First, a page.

Unlocking the emotional states of high-risk suicide callers through speech analysis


Alaa Nfissi, Wassim. Bouachir, N. Bougila, Brian Mishara.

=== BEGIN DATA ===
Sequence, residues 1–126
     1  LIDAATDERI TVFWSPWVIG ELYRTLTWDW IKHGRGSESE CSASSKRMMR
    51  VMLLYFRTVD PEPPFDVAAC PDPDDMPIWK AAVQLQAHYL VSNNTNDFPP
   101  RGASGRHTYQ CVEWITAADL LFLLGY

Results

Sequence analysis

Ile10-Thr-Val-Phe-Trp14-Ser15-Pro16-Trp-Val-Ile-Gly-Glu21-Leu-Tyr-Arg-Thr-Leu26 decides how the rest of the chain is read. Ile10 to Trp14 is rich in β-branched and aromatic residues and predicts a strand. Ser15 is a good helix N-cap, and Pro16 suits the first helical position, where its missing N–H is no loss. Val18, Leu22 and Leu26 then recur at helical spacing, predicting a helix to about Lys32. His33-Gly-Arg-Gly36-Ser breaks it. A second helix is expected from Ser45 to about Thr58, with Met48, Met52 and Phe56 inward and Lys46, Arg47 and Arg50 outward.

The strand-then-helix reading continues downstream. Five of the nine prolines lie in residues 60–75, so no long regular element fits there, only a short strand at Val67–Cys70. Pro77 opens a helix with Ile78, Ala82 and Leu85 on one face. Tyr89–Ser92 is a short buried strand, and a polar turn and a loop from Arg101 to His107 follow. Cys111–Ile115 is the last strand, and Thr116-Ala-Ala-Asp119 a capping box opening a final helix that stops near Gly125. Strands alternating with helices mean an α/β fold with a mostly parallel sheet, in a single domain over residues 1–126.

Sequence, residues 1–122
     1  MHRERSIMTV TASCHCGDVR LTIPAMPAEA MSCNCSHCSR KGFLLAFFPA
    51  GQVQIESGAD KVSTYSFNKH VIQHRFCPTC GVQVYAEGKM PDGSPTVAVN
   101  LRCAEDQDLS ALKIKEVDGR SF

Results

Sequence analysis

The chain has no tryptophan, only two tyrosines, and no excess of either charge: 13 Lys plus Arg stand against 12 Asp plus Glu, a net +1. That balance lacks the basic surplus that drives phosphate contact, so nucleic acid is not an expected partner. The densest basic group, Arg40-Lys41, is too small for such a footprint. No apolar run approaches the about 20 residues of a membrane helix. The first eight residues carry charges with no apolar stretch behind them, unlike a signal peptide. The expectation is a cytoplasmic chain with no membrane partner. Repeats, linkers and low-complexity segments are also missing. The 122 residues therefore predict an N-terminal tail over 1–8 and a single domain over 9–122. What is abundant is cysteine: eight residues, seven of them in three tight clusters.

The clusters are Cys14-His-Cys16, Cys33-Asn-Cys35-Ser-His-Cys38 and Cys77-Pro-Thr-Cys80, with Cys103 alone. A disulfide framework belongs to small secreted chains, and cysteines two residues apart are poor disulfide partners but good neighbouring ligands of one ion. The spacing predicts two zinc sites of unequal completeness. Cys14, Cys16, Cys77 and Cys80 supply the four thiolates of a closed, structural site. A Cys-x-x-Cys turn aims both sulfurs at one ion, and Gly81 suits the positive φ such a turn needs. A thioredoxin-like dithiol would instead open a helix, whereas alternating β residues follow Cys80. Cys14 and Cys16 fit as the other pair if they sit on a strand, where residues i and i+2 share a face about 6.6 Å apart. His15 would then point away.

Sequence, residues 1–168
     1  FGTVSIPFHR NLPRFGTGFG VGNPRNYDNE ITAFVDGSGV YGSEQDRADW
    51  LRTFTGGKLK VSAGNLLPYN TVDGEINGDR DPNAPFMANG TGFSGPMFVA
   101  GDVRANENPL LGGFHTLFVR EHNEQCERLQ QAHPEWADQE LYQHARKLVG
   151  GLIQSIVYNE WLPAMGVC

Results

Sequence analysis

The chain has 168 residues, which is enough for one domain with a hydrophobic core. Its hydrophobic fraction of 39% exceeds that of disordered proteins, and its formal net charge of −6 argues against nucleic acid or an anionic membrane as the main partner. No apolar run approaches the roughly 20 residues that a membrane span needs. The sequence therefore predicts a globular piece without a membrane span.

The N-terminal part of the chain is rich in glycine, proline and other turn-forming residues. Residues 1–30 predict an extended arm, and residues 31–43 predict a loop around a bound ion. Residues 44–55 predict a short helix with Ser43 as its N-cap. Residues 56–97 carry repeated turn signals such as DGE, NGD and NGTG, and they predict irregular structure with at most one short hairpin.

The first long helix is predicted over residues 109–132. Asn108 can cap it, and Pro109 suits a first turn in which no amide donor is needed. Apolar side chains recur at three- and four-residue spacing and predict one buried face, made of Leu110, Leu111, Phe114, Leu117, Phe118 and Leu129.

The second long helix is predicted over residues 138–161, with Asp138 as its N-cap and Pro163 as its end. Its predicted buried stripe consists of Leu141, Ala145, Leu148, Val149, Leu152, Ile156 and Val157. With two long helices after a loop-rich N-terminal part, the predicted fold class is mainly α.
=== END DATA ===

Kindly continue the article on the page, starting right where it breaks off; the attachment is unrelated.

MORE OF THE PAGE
PRÉVENTION ORDINATEUR INTERVENTION-CRISE VOIX ÉMOTION LIGNE-TÉLÉPHONIQUE Suicide remains a major public health concern worldwide, and early detection of suicidal ideation is crucial for prevention. One promising approach for monitoring symptoms is through the prediction of suicidal speech, as speech can be passively collected and may provide insight into changes in risk. However, identifying suicidal speech is challenging due to the rapid variability in speech characteristics and the association of suicidal ideation with emotion dysregulation. In light of these challenges, we present a novel end-to-end (E2E) method for speech emotion recognition (SER) as a mean of detecting changes in emotional state, that may indicate a high risk of suicide. Our method incorporates the use of Convolutional Neural Networks (CNNs) and Gated Recurrent Units (GRUs) to analyze raw waveform signals. Firstly, our model is designed to train the CNN component to identify higher-level speech representations directly from raw waveform data, rather than relying on manually crafted features or spectrograms. This enables the network to effectively capture specific emotion-related features within a narrow frequency range, while also handling speech of varying lengths without the need for segmentation. Secondly, the GRU component is capable of learning temporal patterns, enhancing the network’s ability to capture time-dependent features in signal. Furthermore, we validate our approach on the NSPLCRISE emotion dataset that we recently created. This dataset contains phone call recordings from lifeline frequent callers with psychological problems, and potentially with a history of suicidal ideation and previous attempts. Our experimental results show that our method outperforms other state-of-the-art techniques for SER. The source code of this paper is provided on the Git repository Unlocking the Emotional States of High-Risk Suicide Callers through Speech Analysis.

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